It's Wednesday night and I'm at home. Home, home, that is, not my tiny little flat, but my parent's house. My sister's graduation is tomorrow so I have to be up early having been on the train for what feels like six years (about two and a half hours). My parents have a new cooker and a new coffee table (nearly died of shock as the old one has been going non-stop and broken since I was two). Have not been up to a lot recently: saw several horror films (including Saw and The Descent - biddies in a pothole, all a bit scary), a few drinks out, running out of money enormously again, that sort of thing.
Oh, I got a new piercing though! A rook, I think it's called, in my right ear. My parents haven't noticed yet but I'm sure they soon will and I shall be roundly abused again. R and I both had the same thing done in Camden on Saturday. We went on the bus, though, due poverty, and saw the hoardings preventing people from seeing down to Tavistock Square: you could just see the yellow grab-poles from the bus sticking up. I hope they move it all soon.
I went on the tube for the first time since Thursday today. Not a big deal, I suppose, I don't go on the tube anyway so I'm not making a big leap back on, just behaving as I normally would (ie. only because I had to - I usually get the bus everywhere as I live in South London so no point using tube), but I felt very strange and teary as we went through King's Cross on the northern line, which is still closed. A few hundred or so metres away there are still bodies trapped down there in the dark: not a pleasant thought.
One of my friends posted a link to this site in their journal and I thought I would follow suite: so from the London News Review, speaking for so many of us:
"A Letter To The Terrorists, From London
July 07, 2005
What the fuck do you think you're doing?
This is London. We've dealt with your sort before. You don't try and pull this on us.
Do you have any idea how many times our city has been attacked? Whatever you're trying to do, it's not going to work.
All you've done is end some of our lives, and ruin some more. How is that going to help you? You don't get rewarded for this kind of crap.
And if, as your MO indicates, you're an al-Qaeda group, then you're out of your tiny minds.
Because if this is a message to Tony Blair, we've got news for you. We don't much like our government ourselves, or what they do in our name. But, listen very clearly. We'll deal with that ourselves. We're London, and we've got our own way of doing things, and it doesn't involve tossing bombs around where innocent people are going about their lives.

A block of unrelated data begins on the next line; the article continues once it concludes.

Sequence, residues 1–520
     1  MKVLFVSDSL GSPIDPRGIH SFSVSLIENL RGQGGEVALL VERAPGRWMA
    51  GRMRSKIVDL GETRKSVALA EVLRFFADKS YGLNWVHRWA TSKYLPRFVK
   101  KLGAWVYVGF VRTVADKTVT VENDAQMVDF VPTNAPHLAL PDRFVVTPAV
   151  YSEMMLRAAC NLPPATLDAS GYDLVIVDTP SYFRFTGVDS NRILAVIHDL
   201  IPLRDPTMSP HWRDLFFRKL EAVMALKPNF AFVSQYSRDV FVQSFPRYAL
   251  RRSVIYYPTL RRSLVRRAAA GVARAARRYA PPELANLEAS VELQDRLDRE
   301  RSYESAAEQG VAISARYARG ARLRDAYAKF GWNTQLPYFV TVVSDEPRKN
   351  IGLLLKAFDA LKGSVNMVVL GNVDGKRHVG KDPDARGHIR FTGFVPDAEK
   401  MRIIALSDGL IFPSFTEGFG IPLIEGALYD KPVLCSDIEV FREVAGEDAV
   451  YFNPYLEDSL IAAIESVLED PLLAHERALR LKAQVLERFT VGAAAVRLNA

And that's because we're better than you. Everyone is better than you. Our city works. We rather like it. And we're going to go about our lives. We're going to take care of the lives you ruined. And then we're going to work. And we're going down the pub.
So you can pack up your bombs, put them in your arseholes, and get the fuck out of our city."
We're going out tomorrow. Just wanted to say: we're going out in central london because we're young, free and some of us are single in order to say 'stuff you'. Fuck 'em. It's our city: bring it on.
This evening I meant to write a quick update about how rubbish work is, how much I love the gym, and the fun night I had in soho with C, McF and their friends yesterday. We drank some cocktails, had some food, a generally fun evening: arguments with C about Paris vs London in response to the announcement of the Olympic result, some bickering, an injury sustained to a lip - no more than the usual.
Then this morning London was hit by the news of 'power surges' causing various explosions on the underground followed by those devastating pictures of the number 30 bus outside Tavistock Square. From the moment we received a phone call at work from a colleague on her way in listening to the radio, I think we all knew that London had not managed to escape the international epidemic of bombings calculated to cause the maximum amount of disruption, injury and fatality.
I never really believed such a thing could happen in London: we're too cool, too assured and too everyday for such an outlandish thing as bombings intended to kill. This is England, this is Britain: we're too good for it to happen to us. But happen it did and thank god that everyone (bar one of N's coursemates who we believe to be ok) so far is accounted for.
Because I know of no one injured or killed I think my sombre and shocked reaction might be an over-reaction to the news. But much as I love my Peckham home, and much as most of my everyday life is played out here at work and at rest, my heart is in the centre of town. People lie dead and injured in my home, my city has had its heart not ripped out, but maimed, gored and trodden upon to the extent that its recovery may take a while: months at least.